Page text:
In the studio I used a lot of time producing Christina's stuff which I made sure sounded great but since we were running out of time I left my vocals until late that night. However we did it all in two days and now I realize that was an awesome thing. To this day I still play those tunes and enjoy them! This album changed my life in a lot of ways. I learned how to collaborate and negotiate. I learned that people are looking for things to do and if you can share a vision with them they most likely will help. I learned that the bonds of creating things together last a lifetime and the outcome outweighs the work.
After the album I pursued my musical career in bars for the next five years. When I became a Christian at age twenty one I started playing in churches and still do so. Even now the highlight of any week is when I get the chance to sing and play and to somehow make a difference in people's lives. The greatest high was the fact that my songs were being listened to by people who liked them.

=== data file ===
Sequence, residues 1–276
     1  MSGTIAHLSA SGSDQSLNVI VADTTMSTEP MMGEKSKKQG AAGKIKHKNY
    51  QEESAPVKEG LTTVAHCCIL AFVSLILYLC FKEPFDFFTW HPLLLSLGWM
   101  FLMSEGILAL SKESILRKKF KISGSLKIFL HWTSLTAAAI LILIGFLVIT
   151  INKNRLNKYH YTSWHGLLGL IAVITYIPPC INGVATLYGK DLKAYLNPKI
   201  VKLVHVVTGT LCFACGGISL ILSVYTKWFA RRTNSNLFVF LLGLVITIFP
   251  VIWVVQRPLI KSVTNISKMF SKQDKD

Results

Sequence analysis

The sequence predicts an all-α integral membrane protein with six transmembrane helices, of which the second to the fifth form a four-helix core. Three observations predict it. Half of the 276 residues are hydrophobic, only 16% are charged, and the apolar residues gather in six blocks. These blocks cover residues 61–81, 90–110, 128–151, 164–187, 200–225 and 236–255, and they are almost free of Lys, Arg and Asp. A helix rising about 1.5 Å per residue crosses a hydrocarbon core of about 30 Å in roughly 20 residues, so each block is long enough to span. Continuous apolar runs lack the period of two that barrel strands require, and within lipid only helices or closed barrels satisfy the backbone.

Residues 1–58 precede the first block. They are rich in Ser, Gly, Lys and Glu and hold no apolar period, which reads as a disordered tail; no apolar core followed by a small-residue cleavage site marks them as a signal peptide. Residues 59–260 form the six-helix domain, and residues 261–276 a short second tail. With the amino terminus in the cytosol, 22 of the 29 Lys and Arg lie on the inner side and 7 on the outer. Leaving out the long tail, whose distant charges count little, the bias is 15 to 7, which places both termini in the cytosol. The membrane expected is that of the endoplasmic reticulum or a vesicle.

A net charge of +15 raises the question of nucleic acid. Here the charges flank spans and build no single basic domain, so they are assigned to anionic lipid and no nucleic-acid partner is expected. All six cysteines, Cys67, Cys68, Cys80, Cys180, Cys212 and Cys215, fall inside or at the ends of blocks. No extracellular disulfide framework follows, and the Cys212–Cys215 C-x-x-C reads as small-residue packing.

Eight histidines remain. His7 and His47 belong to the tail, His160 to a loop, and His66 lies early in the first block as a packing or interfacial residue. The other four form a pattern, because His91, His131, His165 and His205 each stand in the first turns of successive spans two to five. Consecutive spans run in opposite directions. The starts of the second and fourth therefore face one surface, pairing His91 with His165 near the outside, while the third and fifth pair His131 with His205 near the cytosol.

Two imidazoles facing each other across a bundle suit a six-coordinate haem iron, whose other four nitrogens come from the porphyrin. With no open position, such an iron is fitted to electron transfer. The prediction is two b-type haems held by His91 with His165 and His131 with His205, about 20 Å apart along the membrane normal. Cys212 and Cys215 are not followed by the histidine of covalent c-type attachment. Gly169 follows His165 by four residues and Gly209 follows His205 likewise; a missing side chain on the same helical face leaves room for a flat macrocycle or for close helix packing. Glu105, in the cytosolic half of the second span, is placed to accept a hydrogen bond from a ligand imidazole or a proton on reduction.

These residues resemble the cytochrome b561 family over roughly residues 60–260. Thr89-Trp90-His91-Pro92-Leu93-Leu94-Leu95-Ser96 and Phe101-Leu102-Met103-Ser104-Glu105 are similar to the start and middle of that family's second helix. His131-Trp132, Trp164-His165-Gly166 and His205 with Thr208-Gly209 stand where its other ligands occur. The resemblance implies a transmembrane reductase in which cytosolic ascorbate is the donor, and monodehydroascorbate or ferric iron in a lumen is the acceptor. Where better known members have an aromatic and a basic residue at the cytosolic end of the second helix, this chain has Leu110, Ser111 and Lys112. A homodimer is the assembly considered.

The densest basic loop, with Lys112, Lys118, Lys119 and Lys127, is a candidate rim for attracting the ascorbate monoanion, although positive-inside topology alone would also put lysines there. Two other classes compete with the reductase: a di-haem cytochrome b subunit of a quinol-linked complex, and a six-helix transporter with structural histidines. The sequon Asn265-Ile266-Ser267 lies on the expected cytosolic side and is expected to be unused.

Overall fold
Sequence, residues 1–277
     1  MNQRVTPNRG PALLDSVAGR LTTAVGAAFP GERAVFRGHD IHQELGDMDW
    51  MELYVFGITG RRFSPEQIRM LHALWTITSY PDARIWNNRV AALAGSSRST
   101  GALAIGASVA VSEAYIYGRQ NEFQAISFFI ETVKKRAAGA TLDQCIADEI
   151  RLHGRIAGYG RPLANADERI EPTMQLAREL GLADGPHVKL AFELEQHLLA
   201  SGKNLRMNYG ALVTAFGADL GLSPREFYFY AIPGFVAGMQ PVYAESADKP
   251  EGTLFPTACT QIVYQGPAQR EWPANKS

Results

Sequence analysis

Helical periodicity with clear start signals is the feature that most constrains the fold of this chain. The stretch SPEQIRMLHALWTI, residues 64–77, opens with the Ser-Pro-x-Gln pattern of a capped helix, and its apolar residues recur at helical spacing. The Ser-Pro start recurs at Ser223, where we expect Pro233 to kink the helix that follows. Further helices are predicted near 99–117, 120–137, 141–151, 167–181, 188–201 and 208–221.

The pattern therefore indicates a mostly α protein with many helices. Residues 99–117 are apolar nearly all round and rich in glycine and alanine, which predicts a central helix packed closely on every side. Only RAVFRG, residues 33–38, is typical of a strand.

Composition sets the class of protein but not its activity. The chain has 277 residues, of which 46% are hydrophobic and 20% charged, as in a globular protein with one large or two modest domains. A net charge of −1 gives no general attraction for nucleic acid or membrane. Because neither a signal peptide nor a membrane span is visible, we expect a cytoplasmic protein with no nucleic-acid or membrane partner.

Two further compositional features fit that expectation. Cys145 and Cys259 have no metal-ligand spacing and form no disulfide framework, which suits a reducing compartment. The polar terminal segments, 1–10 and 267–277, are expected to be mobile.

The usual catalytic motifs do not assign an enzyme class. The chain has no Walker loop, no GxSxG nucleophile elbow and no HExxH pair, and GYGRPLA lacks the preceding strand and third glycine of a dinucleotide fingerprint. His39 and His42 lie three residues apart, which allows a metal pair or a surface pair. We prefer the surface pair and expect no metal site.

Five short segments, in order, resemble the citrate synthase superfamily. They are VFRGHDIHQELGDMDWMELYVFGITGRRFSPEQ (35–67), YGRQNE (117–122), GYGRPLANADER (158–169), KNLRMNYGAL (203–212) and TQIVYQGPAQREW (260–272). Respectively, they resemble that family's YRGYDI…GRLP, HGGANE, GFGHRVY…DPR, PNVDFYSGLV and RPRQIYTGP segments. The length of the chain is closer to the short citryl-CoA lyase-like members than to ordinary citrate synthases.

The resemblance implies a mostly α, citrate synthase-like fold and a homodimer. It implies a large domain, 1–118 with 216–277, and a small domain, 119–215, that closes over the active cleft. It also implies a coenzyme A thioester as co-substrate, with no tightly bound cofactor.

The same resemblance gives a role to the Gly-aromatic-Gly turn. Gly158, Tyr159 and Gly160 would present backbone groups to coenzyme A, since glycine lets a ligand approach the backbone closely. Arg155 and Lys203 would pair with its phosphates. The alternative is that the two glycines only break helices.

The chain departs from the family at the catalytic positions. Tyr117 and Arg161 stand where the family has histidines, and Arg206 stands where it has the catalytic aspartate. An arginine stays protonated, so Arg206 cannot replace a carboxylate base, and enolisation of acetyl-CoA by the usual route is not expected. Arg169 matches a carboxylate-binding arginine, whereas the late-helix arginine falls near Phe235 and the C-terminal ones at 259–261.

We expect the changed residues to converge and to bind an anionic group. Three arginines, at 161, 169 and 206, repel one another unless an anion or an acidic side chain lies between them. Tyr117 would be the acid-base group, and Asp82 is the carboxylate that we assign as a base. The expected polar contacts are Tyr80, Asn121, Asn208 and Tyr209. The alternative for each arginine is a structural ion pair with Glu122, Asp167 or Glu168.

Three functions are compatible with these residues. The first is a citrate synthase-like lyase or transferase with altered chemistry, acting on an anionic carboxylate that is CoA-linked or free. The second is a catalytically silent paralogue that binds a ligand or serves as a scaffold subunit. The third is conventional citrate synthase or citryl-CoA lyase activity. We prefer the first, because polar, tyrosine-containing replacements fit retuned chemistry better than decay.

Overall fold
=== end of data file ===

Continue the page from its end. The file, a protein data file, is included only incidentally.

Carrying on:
The funniest moment was when we were taking the album covers to the record pressers and ran out of gas so we had to push Donna's Delta 88. The worse moment was not having enough studio time but somehow the raw and real nature of the songs came out. I was sixteen and drowning in angst. Doing this album was a real turning point and a coming of age for me. Thanks for your interest and encouragement
Described as moody teen folk, one of the ultimate grails of Canadian folk. The vibe is so subdued, the fidelity so low, the sentiments so pure. The album features two singers, Jeff Moore and Christina Becker, doing their own separate, equally engaging things. Sadly, these eight tracks represent everything these two did on tape.
Silk-screened cover, privately pressed, 99 copies pressed. The music was originally conceived as a high school project for Bayview Secondary School in Toronto. Re-issued as bootleg on vinyl by Orange Doubledome in 2003 with authorized re-issues on CD by Riverman Records in South Korea in 2008 and again by Yoga Records in the USA in 2009.
Jeff Moore: lead vocals, acoustic guitar
Christina Becker: lead vocals, acoustic guitar
Dave Beattie: backround vocals, acoustic guitar
Jim Linderman: backround vocals, acoustic guitar
Judy Imeson: alto saxophone, baritone saxophone
Wendy Jones: flute
Paul McDonald: percussion
A.J. Smitheram: electric guitar
Dave Berard: bass
cover design by Wayne Hillaby
-sealed copy shown
buy the album here: http://jeffmoore.bandcamp.com/album/the-youngest-son